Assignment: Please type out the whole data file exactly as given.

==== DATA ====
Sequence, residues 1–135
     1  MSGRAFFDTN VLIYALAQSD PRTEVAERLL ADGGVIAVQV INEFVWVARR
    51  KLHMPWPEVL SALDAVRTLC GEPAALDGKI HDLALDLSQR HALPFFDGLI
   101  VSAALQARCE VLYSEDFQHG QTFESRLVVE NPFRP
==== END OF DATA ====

Sequence, residues 1–135
     1  MSGRAFFDTN VLIYALAQSD PRTEVAERLL ADGGVIAVQV INEFVWVARR
    51  KLHMPWPEVL SALDAVRTLC GEPAALDGKI HDLALDLSQR HALPFFDGLI
   101  VSAALQARCE VLYSEDFQHG QTFESRLVVE NPFRP